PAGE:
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3247 PTE ANDREW JACKSONAndrew Jackson was born in Bolton in 1895 and was the son of Mary Jackson of 51 Green Street.

He had been living at 51 Green Street since at least 1911 where he was recorded on the census that year with his widowed mother and siblings James (b.1893), Mary E (b.1898), Bertha (b.1902) and Florence (b.1906.) Andrew’s occupation was given as flyer maker.

Shortly after war broke out he enlisted in the Army at Bolton, 26th August 1914, and joined the 1st Battalion of the Loyal North Lancashire Regiment with the number 3247. He was 17 years 134 days old and had in the intervening years been an apprentice moulder at Messrs. Dobson and Barlow’s works. At his medical examination on enlistment he was described as being 5′ 4 5/8″ tall and weighing 104 lbs with blue eyes and brown hair;  the surgeon recorded Andrew also had a scar on his right arm which could be used to identify him should the worst happen. He was then posted down to the 3rd (Reserve) Battalion at Felixstowe to train for service overseas.

Pte Jackson sailed out to France to join the 1st Battalion in the field on 4th January 1915 but was almost immediately send back to England on the S.S. Oxfordshire where he arrived less than 10 days later. The reason for this is unknown, it is doubtful he would have had time to join the lads at the front and January 1915 wasn’t recorded as his qualifying date on his Medal Index Card.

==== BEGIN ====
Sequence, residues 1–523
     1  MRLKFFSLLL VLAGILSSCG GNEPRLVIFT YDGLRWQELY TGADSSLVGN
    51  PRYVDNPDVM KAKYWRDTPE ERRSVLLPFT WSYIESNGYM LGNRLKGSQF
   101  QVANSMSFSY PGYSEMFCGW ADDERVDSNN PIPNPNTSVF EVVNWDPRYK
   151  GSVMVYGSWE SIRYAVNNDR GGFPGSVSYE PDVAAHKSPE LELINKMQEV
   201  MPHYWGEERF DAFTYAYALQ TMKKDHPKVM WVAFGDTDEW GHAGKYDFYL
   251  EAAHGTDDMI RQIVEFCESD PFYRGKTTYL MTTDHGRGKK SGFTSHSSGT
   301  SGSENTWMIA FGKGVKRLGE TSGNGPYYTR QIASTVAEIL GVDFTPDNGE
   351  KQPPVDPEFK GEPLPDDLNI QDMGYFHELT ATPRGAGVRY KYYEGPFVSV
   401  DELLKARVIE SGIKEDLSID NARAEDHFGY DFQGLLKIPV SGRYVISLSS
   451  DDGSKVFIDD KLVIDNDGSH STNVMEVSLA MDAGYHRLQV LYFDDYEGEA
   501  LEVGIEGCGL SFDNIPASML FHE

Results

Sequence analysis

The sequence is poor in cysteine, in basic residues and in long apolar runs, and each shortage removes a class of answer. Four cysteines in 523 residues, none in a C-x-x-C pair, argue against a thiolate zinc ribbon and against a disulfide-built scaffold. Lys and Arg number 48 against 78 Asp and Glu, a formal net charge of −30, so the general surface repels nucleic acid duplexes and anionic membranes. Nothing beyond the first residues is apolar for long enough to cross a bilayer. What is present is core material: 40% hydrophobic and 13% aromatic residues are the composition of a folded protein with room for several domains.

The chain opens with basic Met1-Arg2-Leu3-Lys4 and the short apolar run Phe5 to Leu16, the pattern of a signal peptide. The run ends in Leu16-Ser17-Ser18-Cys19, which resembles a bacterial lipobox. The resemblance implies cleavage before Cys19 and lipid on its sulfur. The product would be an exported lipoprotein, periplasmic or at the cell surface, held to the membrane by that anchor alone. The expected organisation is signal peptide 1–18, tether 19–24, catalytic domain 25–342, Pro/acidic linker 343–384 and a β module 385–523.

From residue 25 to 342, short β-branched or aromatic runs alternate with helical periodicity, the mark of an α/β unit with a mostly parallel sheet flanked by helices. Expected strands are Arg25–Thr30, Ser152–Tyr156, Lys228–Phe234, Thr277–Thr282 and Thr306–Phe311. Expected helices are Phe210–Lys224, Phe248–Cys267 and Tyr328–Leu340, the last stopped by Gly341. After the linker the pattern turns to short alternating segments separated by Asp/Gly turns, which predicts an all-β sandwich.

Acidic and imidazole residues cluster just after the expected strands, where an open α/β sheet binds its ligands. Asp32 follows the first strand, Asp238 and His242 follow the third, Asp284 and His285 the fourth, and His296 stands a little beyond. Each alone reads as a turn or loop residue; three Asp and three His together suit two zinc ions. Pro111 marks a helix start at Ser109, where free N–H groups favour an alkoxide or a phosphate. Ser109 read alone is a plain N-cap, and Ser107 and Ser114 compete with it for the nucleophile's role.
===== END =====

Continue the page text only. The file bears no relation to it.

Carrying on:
In May 1915, while still serving in the Loyal North Lancs, he attempted to “fraudulently enlist again in the Royal Field Artillery (the Bolton Artillery) but was quickly discovered. He was then posted into the 6th (Service) Battalion L.N.L. and sailed for Gallipoli on 25th July 1915.

Just 37 days later, 30th August 1915, Andrew Jackson was reported to have been killed in action. The Battalion had been in the vicinity of KAZLAR CHAIR since the day before (29th) and were in the support trenches with some men of the 6th South Lancs battalion as the two had formed a composite battalion. On the 30th August one company, which presumably included Pte Jackson, were sent out to support the 3rd Mounted Brigade in the firing line where they remained until 4 a.m. on 31st. There is only one 6th Bn. casualty recorded as being killed on 30th August, Private Andrew Jackson who was buried at Green Hill Cemetery.

The Bolton Journal and Guardian reported his death on 24th September 1915.

His Life for His Country

Many Boltonians have sacrificed their lives while fighting with the 6th L.N.L. Regiment at the Dardanelles, and the latest who has fallen in action is Pte. Andrew Jackson, whose mother lives at 51, Green-st. The gallant soldier, who was killed on August 30th, was only 20 years of age. Prior to the war he was a moulder at Messrs. Dobson and Barlow’s Works. Four days before he met his heroic death he wrote home:- “I hope you are keeping your heart up, for I think it won’t be long before this war is over. It is just a year ago since I ‘listed.”

The following effects were sent home to his mother;

  • 1 Identity disc
  • 1 Letter
  • 1 Christmas card

His mother remarried in 1917 to Charles Eccles and would later receive her late son’s 1914/15 Star, British War Medal and Allied Victory Medal in addition to a memorial plaque and scroll bearing his name and in recognition of his sacrifice.

Rank: Private
Service No: 3247
Date of Death: 30/08/1915
Age: 20
Regiment/Service: The Loyal North Lancashire Regiment, 6th Bn.

Paul McCormick
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